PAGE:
Senate Bill 950, carried over from the 2015 session, would enact the state’s Office of the Auditor to assess the financial, managerial and program operations of the university. 

Slom, a UH alumnus, said he does not think the university is operating within its current budget and drafted the bill after noticing financial downfalls within the system. Lawmakers are unsure of what the audit will reveal, however Sen. Russell Ruderman, a co-sponsor of the bill, said a comprehensive audit is a good place to start identifying areas of improvement in the university system.  

Despite Slom’s accusations of management problems within the system, UH isn’t opposed to the audit and school officials see this audit as an opportunity to improve the system…. 

Text, Status: SB950

read … Audit

Audit: Hawaii DoE Sped Programs ‘Marginal, Inefficient’

SA: Staffing shortages and inefficient technology are hampering operations of the special-education program in Hawaii’s public schools, according to an internal audit released this week that found the program is functioning at a “marginal” level.

The review, which was presented Tuesday to the Board of Education’s Audit Committee, focused on the business operations of the program, which services more than 18,800 special-needs students. It did not review curriculum or instruction.

“Based upon our review, we found the DOE’s controls related to the business processes to manage the (special education) program are functioning at a marginal level,” the report concluded. “A marginal rating indicates that there may be a potential for loss to the auditable area and ultimately to the DOE.” …

Link: The Audit Report

read … Marginal

Medicare: “Value-based” payment can encourage unethical behavior

SA: …Medicare is pushing payment and delivery system reforms referred to as “value-based” payment, designed to reward doctors financially for delivering less care.

“Value-based” payment can encourage unethical behavior, and so far it is adding administrative burdens but not achieving any of its stated goals of improved care, improved health or reduced cost.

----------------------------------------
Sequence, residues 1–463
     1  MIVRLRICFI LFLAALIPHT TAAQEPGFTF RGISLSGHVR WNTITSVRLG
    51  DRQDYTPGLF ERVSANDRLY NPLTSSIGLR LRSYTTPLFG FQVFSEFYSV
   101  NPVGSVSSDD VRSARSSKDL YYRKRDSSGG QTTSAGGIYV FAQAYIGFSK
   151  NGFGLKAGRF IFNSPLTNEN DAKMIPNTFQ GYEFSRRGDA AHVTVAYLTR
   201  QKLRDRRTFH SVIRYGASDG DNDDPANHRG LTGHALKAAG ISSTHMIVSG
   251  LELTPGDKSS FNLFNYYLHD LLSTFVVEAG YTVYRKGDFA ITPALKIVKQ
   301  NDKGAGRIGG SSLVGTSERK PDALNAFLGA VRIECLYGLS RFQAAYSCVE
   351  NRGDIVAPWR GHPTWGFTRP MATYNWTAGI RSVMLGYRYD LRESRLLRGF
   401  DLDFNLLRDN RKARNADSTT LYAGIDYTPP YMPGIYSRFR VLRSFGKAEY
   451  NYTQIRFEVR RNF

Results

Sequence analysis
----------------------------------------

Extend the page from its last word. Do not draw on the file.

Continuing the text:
Doctors who fail to adequately computerize and report detailed data to Medicare will receive a 2 percent reduction in fees starting this month, escalating to 9 percent over the next five years.

Prior authorization and documentation demands have been worst for Medicaid-managed care and Medicare, and now HMSA is jumping on the same bandwagon for the commercially insured. Physicians now must obtain prior authorizations for almost all advanced imaging studies and a high percentage of the prescriptions they write, including many generics.

Conversion to a much more complex diagnostic coding system last October, complex evaluation/management procedure codes, and data demands for pay-for-performance and risk adjustment, required by “value-based” payment, are forcing doctors to spend much more time on documentation at the expense of listening to and paying attention to their patients….

read … Policymakers should be listening to doctors

Dengue Emergency? Gabbard, Ige Jostle for Credit

KHON: Gov. Ige and other county and state officials said in a news conference Tuesday that they are continuing an “aggressive, collaborative response” to the current dengue fever outbreak on Hawaii Island.

It was revealed at the news conference that a final draft of the governor’s state of emergency declaration for Hawaii County has been made in case more resources are needed.

On Friday, Jan. 29, Congresswoman Tulsi Gabbard called for the governor to declare the island’s outbreak a state of emergency, saying the declaration would allow the state to deploy resources, including the National Guard, to assist with mosquito abatement, public information, clearing, and providing completely free testing for those with suspected symptoms.

The governor said a first draft was made back in November 2015 when the state Dept. of Health first announced the potential of a dengue fever outbreak on Hawaii Island….

read … Jostling for Credit

Anti-GMO Activists, Anti-Vaxxers: Dumb and Dumbest